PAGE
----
Women's Month Activity, 4 p.m., Black Cultural Center: Closing reception and awards ceremony.
Women's Month Activity, 8 p.m., Donaldson Brown Hotel and Conference Center rear auditorium: "Multiculturalism and Postcolonial Feminisms: What are the Science and Technology Issues?" by Sandra Harding. Co-sponsored by the Center for the Center for the Study of Science in Society.
Family Support, noon-1 p.m., 404 Clay St.: "Breastfeeding for Employed and Student Moms," by Evalin Trice.
Plant Pathology, 2 p.m., 146 Smyth: "Tree Root Stress in the Urban Environment," by Thomas O. Perry, Harvard.
Biology, 3:30 p.m., 3076 Derring: "Scaling of Vertebrate Body Size," by Warren Porter, Wisconsin (Madison).
Physics, 3:30 p.m., 2030 Pamplin: "Protein Folding: A Physicist's Approach," by Hao Li, Rockefeller.
Geological Sciences, 4 p.m., 2044 Derring: "Global Change and Evolution: A Biogeographic Approach," by Bruce Lieberman.
Entomology, 4-5 p.m., 220 Price: "Biological Control--Why We Need It!" by L.T. Kok.
VISC, noon, 654 Whittemore: Yosef Tirat-Gefen, topic TBA.
MCBB, noon, Fralin auditorium: "Golgi," by Jennifer Lippincott-Schwartz, NIH.
Communication Studies, 3:30 p.m., 313 Seitz: "Hollywood in the 1980s: A Decade of Transformation," by Stephen R. Prince.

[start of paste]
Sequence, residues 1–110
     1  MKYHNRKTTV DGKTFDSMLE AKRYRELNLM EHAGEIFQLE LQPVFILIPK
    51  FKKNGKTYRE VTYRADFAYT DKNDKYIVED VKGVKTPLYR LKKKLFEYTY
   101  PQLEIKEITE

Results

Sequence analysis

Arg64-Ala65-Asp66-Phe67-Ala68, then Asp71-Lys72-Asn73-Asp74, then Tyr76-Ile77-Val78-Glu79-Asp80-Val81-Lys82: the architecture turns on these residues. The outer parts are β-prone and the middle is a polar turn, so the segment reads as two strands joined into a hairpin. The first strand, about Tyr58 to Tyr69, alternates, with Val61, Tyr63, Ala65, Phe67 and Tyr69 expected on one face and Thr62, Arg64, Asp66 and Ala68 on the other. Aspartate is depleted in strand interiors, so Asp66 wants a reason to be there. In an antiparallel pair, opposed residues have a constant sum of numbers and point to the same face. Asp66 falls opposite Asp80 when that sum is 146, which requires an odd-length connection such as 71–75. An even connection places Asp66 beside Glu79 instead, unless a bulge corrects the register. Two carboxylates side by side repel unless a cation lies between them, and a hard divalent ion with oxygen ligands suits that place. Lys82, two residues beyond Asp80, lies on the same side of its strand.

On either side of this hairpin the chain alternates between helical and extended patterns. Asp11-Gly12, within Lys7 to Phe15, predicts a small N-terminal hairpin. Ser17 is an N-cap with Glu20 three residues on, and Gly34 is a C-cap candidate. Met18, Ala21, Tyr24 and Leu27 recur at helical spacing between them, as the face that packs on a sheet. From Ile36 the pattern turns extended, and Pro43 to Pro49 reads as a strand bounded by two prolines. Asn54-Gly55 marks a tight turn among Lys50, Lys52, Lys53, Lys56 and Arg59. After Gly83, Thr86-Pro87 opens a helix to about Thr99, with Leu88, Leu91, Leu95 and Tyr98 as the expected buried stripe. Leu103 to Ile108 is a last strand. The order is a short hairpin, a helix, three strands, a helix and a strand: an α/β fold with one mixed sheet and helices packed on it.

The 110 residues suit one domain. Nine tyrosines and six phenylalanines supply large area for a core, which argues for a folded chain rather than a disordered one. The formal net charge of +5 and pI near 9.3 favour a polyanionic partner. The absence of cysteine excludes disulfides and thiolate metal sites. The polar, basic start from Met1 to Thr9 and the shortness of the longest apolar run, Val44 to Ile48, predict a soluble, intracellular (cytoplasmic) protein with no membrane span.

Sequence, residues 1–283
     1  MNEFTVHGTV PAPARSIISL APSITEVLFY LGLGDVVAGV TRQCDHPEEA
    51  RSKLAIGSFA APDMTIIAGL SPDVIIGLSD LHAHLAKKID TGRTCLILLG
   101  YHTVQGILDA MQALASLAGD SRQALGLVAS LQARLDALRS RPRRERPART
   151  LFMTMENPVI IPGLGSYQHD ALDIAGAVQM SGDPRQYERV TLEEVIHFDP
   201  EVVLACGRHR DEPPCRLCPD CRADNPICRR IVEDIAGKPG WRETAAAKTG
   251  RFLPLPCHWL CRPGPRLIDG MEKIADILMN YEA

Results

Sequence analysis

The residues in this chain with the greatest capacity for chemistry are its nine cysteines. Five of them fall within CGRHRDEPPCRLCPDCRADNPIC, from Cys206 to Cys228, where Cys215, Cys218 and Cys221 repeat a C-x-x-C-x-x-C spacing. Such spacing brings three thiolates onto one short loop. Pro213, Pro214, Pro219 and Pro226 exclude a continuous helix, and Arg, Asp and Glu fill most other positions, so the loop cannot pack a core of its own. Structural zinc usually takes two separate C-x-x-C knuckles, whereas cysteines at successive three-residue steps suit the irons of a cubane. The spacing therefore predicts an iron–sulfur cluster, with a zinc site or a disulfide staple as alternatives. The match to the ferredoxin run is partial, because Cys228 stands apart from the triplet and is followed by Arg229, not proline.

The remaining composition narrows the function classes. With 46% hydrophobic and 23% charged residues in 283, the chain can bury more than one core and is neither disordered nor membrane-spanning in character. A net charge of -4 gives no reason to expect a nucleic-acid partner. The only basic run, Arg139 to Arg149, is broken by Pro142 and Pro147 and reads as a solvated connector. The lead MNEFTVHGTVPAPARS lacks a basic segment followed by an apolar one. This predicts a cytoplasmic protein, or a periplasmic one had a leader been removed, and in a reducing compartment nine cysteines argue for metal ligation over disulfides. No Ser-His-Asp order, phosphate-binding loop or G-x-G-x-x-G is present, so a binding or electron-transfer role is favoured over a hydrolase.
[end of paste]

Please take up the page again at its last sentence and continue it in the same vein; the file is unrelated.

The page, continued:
Economics, 3:30-5 p.m., 3008 Pamplin: "A Dynamic Structural Model of Health Insurance and Retirement," by Michael Baye, Indiana.
Botany, 4 p.m., 1084 Derring: "The Rushulales: An Evolutionary Perspective on the Mycorrhizal Habitat," by Steven L. Miller, Wyoming.
Geological Sciences, 4 p.m., 2044 Derring: Stephen Snyder, N.C. State, title TBA.
CSES, 4 p.m., 232 Smyth: "Pasta, Bread, and More," by Amanda Bullard.
Horticulture, 4 p.m., 409 Saunders: "Thinking Like and Earthworm: Producing Organic Foods to Solve the Paradigm Between Care for the Earth and Meeting the Food Buyer's Demands," by Bill Wolf, Wolf Associates.
Research/Graduate Studies, 4 p.m., 30 Pamplin: "Entrepreneurism and Scholarly Exchange," by Mildred Cho, Pennsylvania.